Self-Cloning Tick Species Could Invade NYC From Harlem Too Hollis This Year, Study Warns

March 28, 2019

An invasive tick species that can clone itself and make humans sick may pose a greater threat to New York City than researchers previously thought writes Patch.

According to researchers that a new Harlem-based Columbia University study published in the journal “Emerging Infectious Diseases.”


The tick species, which is currently concentrated on the southern end of Staten Island, was found in 16 of 32 parks surveyed by researchers in 2018 — a spike from the 7 parks where it was found the year before.

Columbia researchers predict that New York City’s population of Asian longhorned ticks — scientifically known as Haemaphysalis longicornis — is expanding and may be too advanced to contain. The tick species, which is currently concentrated on the southern end of Staten Island, was found in 16 of 32 parks surveyed by researchers in 2018 — a spike from the 7 parks where it was found the year before.

The tick’s ability to clone itself through asexual reproduction and lay up to 2,000 eggs at a time in sexual reproduction makes the bug incredibly difficult to contain, researchers said. From 2017 to 2018 the density of the tick population rose an astounding 1,698 percent.

The tick’s ability to clone itself through asexual reproduction and lay up to 2,000 eggs at a time in sexual reproduction makes the bug incredibly difficult to contain, researchers said. From 2017 to 2018 the density of the tick population rose an astounding 1,698 percent.

“The fact that longhorned tick populations are so high in southern Staten Island will make control of this species extremely difficult,” Meredith VanAcker, a Ph.D. researcher from the Columbia lab that conducted the study, said in a statement. “And because females don’t need to find male mates for reproduction, it is easier for the population to spread.”


By submitting this form, you are consenting to receive marketing emails from: Harlem World Magazine, 2521 1/2 west 42nd street, Los Angeles, CA, 90008, https://www.harlemworldmagazine.com. You can revoke your consent to receive emails at any time by using the SafeUnsubscribe® link, found at the bottom of every email. Emails are serviced by Constant Contact

These ticks don’t play nice when it comes to human interaction, researchers said. While the danger to New Yorkers is currently unknown, the Asian longhorned tick has been reported to spread a virus that can cause diseases in humans in its native continents of Asia and Australia, according to the Columbia study.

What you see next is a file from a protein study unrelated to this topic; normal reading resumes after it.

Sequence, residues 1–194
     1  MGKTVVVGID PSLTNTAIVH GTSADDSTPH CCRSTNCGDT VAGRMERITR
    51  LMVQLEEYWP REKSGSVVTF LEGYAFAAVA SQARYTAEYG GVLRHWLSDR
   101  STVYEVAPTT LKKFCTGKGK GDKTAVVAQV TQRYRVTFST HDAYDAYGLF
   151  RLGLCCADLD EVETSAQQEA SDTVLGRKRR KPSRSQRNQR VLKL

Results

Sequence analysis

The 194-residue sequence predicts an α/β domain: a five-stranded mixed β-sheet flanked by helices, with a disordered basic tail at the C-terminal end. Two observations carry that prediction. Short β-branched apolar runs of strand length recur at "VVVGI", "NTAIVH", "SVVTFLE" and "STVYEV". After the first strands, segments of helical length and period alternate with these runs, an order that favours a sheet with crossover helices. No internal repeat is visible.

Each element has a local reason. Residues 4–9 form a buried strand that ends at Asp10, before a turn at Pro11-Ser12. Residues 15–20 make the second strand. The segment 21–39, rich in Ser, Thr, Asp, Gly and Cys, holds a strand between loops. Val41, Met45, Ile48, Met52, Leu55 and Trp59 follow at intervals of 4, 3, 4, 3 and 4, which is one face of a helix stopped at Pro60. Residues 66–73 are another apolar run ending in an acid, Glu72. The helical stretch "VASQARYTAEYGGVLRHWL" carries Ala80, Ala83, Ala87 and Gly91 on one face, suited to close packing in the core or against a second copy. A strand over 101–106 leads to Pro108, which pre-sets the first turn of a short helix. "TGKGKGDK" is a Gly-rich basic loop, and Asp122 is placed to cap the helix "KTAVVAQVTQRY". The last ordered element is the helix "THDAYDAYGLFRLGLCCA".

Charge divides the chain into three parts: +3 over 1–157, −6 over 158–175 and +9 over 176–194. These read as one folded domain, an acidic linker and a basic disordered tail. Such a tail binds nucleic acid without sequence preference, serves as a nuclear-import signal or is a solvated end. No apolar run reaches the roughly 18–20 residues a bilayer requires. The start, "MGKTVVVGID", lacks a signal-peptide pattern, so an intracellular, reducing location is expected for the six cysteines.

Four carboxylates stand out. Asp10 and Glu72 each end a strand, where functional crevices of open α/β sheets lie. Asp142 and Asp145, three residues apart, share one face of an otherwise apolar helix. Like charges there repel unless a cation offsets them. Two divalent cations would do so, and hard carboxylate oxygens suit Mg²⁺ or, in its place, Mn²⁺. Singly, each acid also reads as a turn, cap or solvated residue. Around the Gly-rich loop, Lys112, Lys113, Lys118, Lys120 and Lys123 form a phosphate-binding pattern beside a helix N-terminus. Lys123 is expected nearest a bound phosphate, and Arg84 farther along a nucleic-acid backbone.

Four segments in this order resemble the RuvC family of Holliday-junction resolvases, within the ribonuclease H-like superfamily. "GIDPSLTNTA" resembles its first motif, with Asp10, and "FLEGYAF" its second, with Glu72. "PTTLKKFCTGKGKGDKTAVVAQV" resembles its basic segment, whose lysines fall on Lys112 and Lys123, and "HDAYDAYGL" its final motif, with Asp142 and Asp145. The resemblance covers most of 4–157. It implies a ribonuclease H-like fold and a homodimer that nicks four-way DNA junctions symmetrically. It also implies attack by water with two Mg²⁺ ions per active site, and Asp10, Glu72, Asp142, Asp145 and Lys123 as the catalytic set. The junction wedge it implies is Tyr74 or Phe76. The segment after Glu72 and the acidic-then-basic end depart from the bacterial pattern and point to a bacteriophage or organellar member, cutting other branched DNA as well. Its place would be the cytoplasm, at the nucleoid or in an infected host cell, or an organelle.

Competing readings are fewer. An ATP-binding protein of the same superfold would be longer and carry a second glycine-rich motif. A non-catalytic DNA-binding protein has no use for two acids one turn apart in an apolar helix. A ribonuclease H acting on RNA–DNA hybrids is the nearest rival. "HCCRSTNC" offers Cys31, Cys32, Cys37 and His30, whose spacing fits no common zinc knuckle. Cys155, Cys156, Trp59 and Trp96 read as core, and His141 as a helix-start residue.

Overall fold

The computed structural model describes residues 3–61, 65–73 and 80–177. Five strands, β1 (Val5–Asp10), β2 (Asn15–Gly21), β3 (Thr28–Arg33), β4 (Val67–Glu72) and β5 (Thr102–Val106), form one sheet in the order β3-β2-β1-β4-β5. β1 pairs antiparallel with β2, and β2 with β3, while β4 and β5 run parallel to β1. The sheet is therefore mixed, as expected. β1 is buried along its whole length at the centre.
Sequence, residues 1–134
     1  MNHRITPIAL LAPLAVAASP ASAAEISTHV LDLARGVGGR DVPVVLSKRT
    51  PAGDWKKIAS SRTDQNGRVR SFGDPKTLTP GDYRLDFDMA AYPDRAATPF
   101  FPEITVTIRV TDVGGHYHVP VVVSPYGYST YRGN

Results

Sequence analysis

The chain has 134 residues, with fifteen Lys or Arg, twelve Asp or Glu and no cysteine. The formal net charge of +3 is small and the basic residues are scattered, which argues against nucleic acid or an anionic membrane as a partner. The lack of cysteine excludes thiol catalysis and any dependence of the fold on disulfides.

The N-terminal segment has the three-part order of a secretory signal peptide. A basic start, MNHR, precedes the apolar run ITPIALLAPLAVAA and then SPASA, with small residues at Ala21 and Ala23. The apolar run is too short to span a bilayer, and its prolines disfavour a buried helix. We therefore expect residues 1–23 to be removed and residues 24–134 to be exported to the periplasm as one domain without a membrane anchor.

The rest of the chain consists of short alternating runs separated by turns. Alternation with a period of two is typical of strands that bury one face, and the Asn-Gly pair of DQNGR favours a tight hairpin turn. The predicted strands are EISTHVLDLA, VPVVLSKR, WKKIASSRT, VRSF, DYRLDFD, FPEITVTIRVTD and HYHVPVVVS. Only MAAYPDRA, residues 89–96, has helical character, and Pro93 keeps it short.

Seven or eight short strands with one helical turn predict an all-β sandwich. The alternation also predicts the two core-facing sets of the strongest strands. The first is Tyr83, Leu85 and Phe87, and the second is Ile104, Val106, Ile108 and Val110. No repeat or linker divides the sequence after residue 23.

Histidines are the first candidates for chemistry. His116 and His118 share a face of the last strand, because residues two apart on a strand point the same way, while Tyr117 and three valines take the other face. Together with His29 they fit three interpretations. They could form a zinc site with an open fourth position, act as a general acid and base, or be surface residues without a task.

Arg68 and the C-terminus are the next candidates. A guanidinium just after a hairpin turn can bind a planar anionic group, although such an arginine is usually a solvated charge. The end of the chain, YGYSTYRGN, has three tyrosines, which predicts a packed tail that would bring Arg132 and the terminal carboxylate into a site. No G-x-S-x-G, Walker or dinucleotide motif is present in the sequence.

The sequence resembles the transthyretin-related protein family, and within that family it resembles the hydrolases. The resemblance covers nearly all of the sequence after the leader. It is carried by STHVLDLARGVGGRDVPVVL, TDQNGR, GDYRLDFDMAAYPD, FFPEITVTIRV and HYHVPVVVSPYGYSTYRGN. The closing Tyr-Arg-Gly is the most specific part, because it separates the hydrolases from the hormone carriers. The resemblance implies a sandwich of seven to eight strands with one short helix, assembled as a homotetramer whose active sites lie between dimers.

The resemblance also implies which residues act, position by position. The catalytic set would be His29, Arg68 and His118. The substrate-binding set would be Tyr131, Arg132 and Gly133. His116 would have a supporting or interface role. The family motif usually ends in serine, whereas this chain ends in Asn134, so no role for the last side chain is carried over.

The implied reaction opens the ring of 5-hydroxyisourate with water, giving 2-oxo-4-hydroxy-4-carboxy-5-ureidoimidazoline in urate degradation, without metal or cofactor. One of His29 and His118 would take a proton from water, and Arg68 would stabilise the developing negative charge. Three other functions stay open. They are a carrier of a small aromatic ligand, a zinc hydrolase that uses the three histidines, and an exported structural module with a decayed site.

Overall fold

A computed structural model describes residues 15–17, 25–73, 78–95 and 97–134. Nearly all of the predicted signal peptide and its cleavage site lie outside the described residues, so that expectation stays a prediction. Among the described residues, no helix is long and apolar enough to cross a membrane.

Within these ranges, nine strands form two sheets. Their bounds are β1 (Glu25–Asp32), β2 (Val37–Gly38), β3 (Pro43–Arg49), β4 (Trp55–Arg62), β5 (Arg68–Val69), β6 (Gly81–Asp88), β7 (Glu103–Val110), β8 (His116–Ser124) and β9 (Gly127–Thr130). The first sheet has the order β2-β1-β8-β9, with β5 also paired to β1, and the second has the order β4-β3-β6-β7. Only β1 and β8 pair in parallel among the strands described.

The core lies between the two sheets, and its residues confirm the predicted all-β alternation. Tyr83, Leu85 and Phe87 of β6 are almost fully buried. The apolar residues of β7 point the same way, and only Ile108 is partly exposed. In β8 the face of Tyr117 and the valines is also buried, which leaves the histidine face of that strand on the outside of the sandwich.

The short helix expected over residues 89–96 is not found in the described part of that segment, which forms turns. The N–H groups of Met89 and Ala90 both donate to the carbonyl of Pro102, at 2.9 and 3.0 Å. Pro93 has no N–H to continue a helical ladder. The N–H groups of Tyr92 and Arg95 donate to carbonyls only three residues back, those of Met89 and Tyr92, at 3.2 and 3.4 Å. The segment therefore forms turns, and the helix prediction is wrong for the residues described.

It is the first new species of a tick to be found in the U.S. in 50 years, according to reports from 2018.

Asian longhorned tick populations have been found in places such as Staten Island, New Jersey, West Virginia, North Carolina, and Arkansas, researchers said. It is the first new species of a tick to be found in the U.S. in 50 years, according to reports from 2018.

“The concern with this tick is that it could transmit human pathogens and make people sick,” Columbia researcher Maria Diuk-Wasser, whose lab led the study and comprehensive “tick census” on Staten Island, said in a statement.

The United States Centers for Disease Control and Prevention said that no harmful germs have been found in Asian longhorned ticks collected in the United States as of March 25 of this year. The federal agency suggests that people who think they have found one of the ticks should remove the tick from any person or animal it is found on, preserve it a jar or ziplock bag and contact their local health department for advice.

Read the full Columbia study here.

We're your source for local coverage, we count on your support. SUPPORT US!
Your support is crucial in maintaining a healthy democracy and quality journalism. With your contribution, we can continue to provide engaging news and free access to all.
accepted credit cards

Leave a Reply

Your email address will not be published. Required fields are marked *

You may use these HTML tags and attributes: <a href="" title=""> <abbr title=""> <acronym title=""> <b> <blockquote cite=""> <cite> <code> <del datetime=""> <em> <i> <q cite=""> <s> <strike> <strong>

This site uses Akismet to reduce spam. Learn how your comment data is processed.

Related Articles